Portugal commemorate the death of its literary icon, the national poet Luis de Camoes on June 10 since 1580.
In Greenland, the National Holiday is the longest day of the year, June 21.
Israel has a moveable date and celebrates Independence Day any day between April 15 and May 15.
Australia celebrates on 26 January, the date of the founding of Sydney, the first European settlement in 1788.
Several countries celebrate their ruler’s ascension to the throne. Bahrain celebrates on December 16 (since 1961), Belgium on July 21 (since 1831), Bhutan on December 17 (since 1907), Liechtenstein on August 15 (since 2004), Monaco on November 19 (since 2005), Qatar on December 18 (since 1878), and Sweden on June 6 ( since 1523).
The tiny nation of Malta celebrates five National Days. When the last British troops withdrew from Malta in 1979, is Freedom Day and celebrated on March 31 (since 1979), when 4 Maltese med died during the bread riot of 1919 is known as Sette Giugno and celebrated on June 7, Victory Day is celebrated on September 8, Independence Day on September 21 (since 1964) and Republic Day on December 13 since 1974.
There are several countries that have unusual names for their National Holiday. In Taiwan it is known as Double Ten Day (10-10) because it is celebrated on October 10 (since 1911) and in New Zealand it is called Waitangi Day after the signing of the Treaty of Waiting on February 6, 1840. Like the US, New Zealand celebrates the signing of its founding document by representatives of the British Crown and over 500 Māori chiefs. Mexico’s National Day is called Grito de Dolores (or Cry of Dolores) and is celebrated on September 16. On the night of September 15, the President of Mexico rings the bell and repeats a shout of patriotism Grito Mexicano based upon the Grito de Dolores, with the names of the important heroes of the Mexican War of Independence from Spain in 1810. Guyana’s National Day is called Mashramani and is celebrated on February 23. The celebrations were originally Carnivals but the people wanted an Amerindian name for the festivities. A type of festival to celebrate a special event was called a "Muster Many" (or Mashirimehi in Amerindian) and sounded in Arawak like Mashramani. Officials took steps to confirm this but no one could confirm or deny that the Arawak word for Festival was Mashramani and so the Festival was called Mashramani. Today, the word has been shortened to Mash Day and includes festivities over a three-day period.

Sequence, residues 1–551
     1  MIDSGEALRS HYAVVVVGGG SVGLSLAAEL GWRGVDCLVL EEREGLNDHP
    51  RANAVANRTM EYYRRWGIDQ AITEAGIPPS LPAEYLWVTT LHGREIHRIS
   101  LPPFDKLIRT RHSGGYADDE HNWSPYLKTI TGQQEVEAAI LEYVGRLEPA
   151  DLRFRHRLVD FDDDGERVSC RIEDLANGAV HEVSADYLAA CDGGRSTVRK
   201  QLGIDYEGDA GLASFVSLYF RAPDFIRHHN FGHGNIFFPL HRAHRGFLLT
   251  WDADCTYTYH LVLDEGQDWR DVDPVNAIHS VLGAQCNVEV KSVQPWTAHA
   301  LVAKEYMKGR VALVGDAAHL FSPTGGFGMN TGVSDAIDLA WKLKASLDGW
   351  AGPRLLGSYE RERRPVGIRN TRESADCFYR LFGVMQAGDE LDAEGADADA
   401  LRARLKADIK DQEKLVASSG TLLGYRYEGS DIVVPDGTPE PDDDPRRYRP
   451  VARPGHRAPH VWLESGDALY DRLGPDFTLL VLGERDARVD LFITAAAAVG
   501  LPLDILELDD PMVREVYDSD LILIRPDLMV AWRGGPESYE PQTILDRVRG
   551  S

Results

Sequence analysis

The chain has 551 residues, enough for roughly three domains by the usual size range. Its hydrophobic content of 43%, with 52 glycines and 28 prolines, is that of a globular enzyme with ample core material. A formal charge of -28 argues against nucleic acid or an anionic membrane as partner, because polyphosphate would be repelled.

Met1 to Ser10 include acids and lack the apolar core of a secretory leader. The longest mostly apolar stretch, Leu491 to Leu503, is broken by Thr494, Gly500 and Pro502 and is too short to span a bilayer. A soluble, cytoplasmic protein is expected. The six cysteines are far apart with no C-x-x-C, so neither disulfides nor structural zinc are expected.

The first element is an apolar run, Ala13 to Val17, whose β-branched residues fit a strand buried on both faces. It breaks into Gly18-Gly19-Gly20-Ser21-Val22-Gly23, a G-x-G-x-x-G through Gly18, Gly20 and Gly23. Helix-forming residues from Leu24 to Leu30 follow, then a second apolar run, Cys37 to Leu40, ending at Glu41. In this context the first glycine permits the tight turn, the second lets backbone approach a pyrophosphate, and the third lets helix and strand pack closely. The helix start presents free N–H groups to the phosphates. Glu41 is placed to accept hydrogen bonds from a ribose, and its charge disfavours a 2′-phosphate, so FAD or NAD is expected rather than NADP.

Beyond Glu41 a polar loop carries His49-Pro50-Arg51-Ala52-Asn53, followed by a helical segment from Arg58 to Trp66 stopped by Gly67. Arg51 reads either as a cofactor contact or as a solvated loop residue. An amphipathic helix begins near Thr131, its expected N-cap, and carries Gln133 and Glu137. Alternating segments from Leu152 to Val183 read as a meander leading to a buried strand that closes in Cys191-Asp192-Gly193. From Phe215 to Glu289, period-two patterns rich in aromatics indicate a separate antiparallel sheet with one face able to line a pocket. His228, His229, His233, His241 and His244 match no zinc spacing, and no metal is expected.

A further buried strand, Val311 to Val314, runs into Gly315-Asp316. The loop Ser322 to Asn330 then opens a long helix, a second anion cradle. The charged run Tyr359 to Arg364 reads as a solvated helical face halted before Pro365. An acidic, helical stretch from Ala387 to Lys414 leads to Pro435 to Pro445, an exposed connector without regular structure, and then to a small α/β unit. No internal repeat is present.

Greece celebrates an Independence Day that has blended with the Feast of Annunciation on March 25. After an occupation of 400 years, the Greeks rose up against the Ottoman Empire and won the war of independence in 1821. On the day of the Feast of Annunciation in the Orthodox calendar, the archangel Gabriel appeared to the maiden Mary and informed her that she was pregnant with the divine child.
Mongolia also has three days of celebrations on Naadam Day, its national holiday on July 11. "Eriin gurvan naadam" the three manly games of wrestling, horse racing, and archery- make up the core activities of the National day festivals.
The smallest state in the world by both area and population, Vatican City celebrates its foundation as a nation on February 11.
Andorra and Wales have national days based on patron saints. Andorra celebrates Our Lady of Meritxell on September 8 and Wales celebrates St. David’s Day on March 1.
Saudi Arabia commemorates its birth as a nation on 23 September, when it was established as a Kingdom.